Toward the end of Amos 5 the Lord challenges almost everything about their church services. He says he can’t stand their meetings, conferences, and conventions. He washes his hands of their projects and goals and he says he can’t stand their singing which is more focused on what they like than on him. This message may be buried deep in the Minor Prophets but it should be right at the top of our concerns as Christians who go to church each Sunday. It isn’t that their services and conferences should be discontinued and it isn’t that their projects aren’t worthwhile. Also, this is no call to change the music style of the church (whatever it may be). It is, though, a powerful reminder of what (better stated, “Who”) it’s all about. The Lord says that what they’re doing is worthless, not because it’s worthless activity, but because they’re ignoring him and his purposes for their lives. God states, “Do you know what I want? I want justice – oceans of it. I want fairness – rivers of it. That’s all I want.” If I refuse God’s priority of caring for the poor, of helping the one who’s down and out then God will refuse my acts of worship. Maybe this passage needs to be read before we have our church planning meetings!
Take Away: If we’re missing the Lord’s priorities for the church the other things we do aren’t worth much.
Amos 4: But you never got hungry for me. You continued to ignore me.
The people Amos preaches to are religious people. They’re faithful to attend worship services, to make the correct sacrifices, and to pay their tithes. The casual observer might conclude that they’re just the sort of people God wants. However, that isn’t the case. Amos complains that all they’re doing is putting on a religious show. At the core of all their religious activities is, not God, but themselves. Even as Amos delivers his sermons the Lord is acting to bring a stop to it all. The fact is that God won’t be ignored! He, who created me, demands that I focus my life on him. That’s true in all of my life, and it’s especially true in my religious life. The issue of what I “like” or “don’t like” is, ultimately, unimportant. God isn’t looking at the show I put on. Instead, he’s looking at my heart. The issue in play in my worship activities is whether or not I hunger for him. I want to do church “right.” I want the worship services I attend to be well thought out and intentional. However, beyond all of that, I want the Lord to see that more than anything else, my worship activities are a reflection of my hunger for him and of my rejoicing in his presence. God won’t be ignored and a God-ignoring worship experience is a waste of time.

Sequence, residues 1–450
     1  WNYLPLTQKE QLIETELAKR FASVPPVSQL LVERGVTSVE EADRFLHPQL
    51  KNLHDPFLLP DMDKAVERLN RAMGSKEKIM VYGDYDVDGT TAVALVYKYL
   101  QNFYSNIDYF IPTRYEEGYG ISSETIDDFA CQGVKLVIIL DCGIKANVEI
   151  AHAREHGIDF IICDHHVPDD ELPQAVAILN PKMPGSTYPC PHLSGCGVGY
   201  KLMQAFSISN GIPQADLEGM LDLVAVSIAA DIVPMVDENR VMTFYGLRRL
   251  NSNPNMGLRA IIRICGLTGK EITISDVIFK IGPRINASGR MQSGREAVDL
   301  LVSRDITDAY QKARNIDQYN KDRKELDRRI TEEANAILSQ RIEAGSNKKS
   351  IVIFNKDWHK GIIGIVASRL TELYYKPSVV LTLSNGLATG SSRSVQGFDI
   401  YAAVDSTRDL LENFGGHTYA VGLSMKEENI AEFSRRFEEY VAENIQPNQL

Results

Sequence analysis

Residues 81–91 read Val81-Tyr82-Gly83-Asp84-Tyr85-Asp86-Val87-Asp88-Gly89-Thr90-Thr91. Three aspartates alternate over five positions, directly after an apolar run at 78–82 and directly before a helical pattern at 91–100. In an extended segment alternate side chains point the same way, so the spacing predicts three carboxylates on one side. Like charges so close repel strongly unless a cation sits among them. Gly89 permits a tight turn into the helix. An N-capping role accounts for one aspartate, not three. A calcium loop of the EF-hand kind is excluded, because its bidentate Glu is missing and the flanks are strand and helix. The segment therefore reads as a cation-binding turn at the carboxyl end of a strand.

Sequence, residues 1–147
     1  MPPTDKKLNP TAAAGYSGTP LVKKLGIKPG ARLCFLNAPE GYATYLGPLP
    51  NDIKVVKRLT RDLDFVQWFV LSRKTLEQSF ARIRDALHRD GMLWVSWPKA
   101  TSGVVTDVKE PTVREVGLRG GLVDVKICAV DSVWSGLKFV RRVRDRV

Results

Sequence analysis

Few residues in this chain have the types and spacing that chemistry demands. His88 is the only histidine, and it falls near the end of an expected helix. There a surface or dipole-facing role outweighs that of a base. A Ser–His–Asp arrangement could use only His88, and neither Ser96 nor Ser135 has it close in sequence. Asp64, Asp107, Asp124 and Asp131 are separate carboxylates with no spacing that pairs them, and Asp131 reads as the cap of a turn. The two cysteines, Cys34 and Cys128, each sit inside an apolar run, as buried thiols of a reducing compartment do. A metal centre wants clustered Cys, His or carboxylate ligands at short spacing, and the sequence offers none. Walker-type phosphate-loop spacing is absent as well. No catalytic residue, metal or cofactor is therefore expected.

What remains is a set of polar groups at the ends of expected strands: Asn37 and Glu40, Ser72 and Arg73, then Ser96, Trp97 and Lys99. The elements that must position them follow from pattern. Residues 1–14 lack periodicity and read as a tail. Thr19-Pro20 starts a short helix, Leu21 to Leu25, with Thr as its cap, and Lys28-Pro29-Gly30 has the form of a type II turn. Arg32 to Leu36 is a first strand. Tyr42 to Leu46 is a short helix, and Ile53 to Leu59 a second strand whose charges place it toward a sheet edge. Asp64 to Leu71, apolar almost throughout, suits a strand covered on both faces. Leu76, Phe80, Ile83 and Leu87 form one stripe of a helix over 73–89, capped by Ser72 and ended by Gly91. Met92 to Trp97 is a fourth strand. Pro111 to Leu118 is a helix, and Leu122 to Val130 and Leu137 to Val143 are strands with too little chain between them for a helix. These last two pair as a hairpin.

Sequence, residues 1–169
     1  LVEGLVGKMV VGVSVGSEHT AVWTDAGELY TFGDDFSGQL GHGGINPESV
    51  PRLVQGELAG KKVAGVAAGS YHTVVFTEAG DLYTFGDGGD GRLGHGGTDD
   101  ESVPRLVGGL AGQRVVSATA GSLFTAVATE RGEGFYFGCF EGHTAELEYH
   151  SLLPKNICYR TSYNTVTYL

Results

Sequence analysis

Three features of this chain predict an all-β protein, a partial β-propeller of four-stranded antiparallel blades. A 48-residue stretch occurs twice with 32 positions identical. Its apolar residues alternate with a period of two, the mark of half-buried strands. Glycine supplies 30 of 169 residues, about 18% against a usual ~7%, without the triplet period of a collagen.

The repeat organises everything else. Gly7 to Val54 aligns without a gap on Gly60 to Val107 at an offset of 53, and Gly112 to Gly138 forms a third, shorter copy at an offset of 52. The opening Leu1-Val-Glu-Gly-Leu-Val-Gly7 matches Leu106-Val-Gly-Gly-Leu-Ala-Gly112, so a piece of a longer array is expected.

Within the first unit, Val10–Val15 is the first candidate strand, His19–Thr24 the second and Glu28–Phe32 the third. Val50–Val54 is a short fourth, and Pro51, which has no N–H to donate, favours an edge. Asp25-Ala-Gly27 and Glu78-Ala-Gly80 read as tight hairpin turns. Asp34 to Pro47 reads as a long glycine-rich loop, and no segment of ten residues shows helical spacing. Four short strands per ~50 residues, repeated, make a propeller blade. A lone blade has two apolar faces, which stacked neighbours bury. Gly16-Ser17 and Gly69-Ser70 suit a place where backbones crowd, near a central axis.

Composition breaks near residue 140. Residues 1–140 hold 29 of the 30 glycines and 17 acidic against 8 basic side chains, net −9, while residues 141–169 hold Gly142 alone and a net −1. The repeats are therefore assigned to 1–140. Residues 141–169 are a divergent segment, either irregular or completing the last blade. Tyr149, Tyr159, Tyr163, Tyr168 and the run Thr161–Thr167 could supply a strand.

Take Away: The Lord isn’t looking so much at how we do church as he is looking at our hearts.
Shopping for religion
Hosea 7: They turn…here, then there, like a weather vane.
“Welcome to WorshipMart, your one stop shop for religion. Please keep an eye out for our blue light specials, you may find a very nice accessory to your faith for a low price.” You head over to the New Age aisle. Maybe a new crystal will help you pray better. The Politically Correct section has some interesting items, some of that “what works for you may not work for me” might come in handy when dealing with some of the more narrow people you know. The Hedonism section makes you feel somewhat uncomfortable but you can’t resist some of the “it can’t be all that bad if it feels right.” And then you head over to the staples section. After all, when all else fails you might just want some help from God Almighty. At the checkout counter the salesperson asks if you found everything you wanted. You answer “yes” but you think, “I’ll probably be back in here before long, somehow this stuff doesn’t seem to last like it should.” As you check out, you can’t find the last item. That’s happened before. Everything else is there though; you’ll just have to make it without God. Anyway, your religion is no one’s business but your own. Right?
Take Away: He’ll either be Lord of all or he won’t be Lord at all.
The Lord is much more than a Friend
Ezekiel 22: They can’t tell the difference between sacred and secular.
It’s a horrible time for the people of Jerusalem. There’s threatening war, a devastating drought, and a collapse of civil authority. Down at the Temple the priests continue in a God-ignoring pattern, treating sacred things as common. The Almighty complains that they profane him by trying to “pull me down to their level.” I like to sing “What a Friend we have in Jesus” and feel humbled and honored at the thought that the Lord is willing to be my Friend. However, I can’t help but think that the “friendship” model only works at one level. This Friend is the King of Kings. He’s holy and eternal. My relationship with him starts with my bowing before him. It’s he who takes my hand and gives me permission to stand in his presence. If I call him “Friend” it’s only because he allows me to. The priests of Ezekiel’s day treat the holy as common. Today, in my blessings and comfort, I don’t want to make the same mistake.